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Environmental Disease: Saving the Lives of Children Under 5

Environmental Health Perspectives
Environmental Health Perspectives
Publication Date
  • Environews
  • Forum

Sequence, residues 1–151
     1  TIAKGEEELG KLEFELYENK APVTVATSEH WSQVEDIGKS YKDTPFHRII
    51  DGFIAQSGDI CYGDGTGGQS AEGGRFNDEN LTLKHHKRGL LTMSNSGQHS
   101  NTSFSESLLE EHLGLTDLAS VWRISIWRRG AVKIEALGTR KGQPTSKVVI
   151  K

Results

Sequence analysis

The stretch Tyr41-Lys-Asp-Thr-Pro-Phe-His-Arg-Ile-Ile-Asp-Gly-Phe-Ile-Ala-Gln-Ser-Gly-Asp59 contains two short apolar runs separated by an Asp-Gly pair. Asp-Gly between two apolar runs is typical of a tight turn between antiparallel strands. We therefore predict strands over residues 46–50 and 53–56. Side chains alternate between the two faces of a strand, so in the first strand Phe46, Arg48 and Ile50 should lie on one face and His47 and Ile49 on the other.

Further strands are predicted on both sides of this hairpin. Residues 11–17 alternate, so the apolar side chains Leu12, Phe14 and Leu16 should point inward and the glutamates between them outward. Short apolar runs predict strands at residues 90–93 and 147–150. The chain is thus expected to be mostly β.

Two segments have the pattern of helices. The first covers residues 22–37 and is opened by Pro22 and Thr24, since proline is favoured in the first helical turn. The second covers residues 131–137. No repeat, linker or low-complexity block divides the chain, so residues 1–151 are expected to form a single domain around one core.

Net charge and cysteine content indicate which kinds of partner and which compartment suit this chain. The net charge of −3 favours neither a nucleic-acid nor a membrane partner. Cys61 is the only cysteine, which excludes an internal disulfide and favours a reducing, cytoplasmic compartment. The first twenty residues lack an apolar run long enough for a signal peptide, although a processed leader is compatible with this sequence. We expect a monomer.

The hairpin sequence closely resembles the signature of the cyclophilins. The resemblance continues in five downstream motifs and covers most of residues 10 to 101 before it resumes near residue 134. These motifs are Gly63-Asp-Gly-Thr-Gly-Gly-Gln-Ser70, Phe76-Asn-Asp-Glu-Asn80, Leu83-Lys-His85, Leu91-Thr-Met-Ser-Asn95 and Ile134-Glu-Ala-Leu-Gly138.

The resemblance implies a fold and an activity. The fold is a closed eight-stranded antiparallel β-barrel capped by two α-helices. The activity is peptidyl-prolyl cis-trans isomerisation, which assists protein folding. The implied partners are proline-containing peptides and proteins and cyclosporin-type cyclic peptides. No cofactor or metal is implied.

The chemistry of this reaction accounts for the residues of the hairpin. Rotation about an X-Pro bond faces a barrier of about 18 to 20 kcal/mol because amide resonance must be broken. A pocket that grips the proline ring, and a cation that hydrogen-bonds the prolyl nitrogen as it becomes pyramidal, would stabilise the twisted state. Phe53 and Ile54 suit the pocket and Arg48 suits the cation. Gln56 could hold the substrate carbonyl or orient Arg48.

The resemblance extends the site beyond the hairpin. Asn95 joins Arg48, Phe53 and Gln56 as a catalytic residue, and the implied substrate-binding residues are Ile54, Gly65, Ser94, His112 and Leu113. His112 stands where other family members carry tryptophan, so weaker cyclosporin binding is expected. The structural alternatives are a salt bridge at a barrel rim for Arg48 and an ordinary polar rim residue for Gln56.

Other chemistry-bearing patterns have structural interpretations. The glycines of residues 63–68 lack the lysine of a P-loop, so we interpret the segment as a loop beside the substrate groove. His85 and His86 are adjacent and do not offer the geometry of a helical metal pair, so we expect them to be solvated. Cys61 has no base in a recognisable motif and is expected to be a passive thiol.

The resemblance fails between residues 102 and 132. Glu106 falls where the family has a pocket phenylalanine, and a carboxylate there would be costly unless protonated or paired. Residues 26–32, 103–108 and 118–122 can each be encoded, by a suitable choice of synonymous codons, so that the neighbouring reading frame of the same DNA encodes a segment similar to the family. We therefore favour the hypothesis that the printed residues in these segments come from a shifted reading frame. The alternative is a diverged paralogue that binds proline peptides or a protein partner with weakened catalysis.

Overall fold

115N10_Forum_RPP We have a powerful potential in our youth, and we must have the courage to change old ideas and practices so that we may direct their power toward good ends. Mary McLeod Bethune (1875–1955) Founder, National Council of Negro Women Environews Forum A 490 VOLUME 115 | NUMBER 10 | October 2007 • Environmental Health Perspectives Saving the Lives of Children Under 5 Save the Children has compiled the first ever league table ranking 60 developing nations in their efforts to preserve the lives of their youngest citizens. This information, pub- lished in the May 2007 report State of the World’s Mothers 2007: Saving the Lives of Children Under 5, illustrates how even the poorest countries can implement effective solutions to prevent untimely child deaths. The table comprises UNICEF data for all countries with at least 50,000 child deaths per year or a rate of 90 deaths per 1,000 live births in 2004, and reflects changes in under-5 mor- tality since 1990. The 60 countries included were home to 75% of the world’s children under age 5 years in that year, and were where 94% of all under-5 deaths occurred. Some countries have made remarkable progress in reducing the number of under-5 deaths. Egypt, for example, achieved a mas- sive 68% reduction, Indonesia 60%, and Bangladesh, Nepal, and the Philippines each around 50%. Thirty-five other countries also have seen improvements. However, 20 coun- tries, including 18 in sub-Saharan Africa, have either seen no improvement or suffered increases. Iraq saw the worst decline in the world—under-5 mortality increased by 150% as a result of the deprivations imposed by civil unrest, sanctions, and war. “The figures show much progress has been made [in many countries], but there is still much to do,” explains David Oot, associate vice president of health at Save the Children. Oot says that if certain simple, low-cost solutions were made avail- able to all children—ensur- ing that a skilled person attended all deliveries, exclusive

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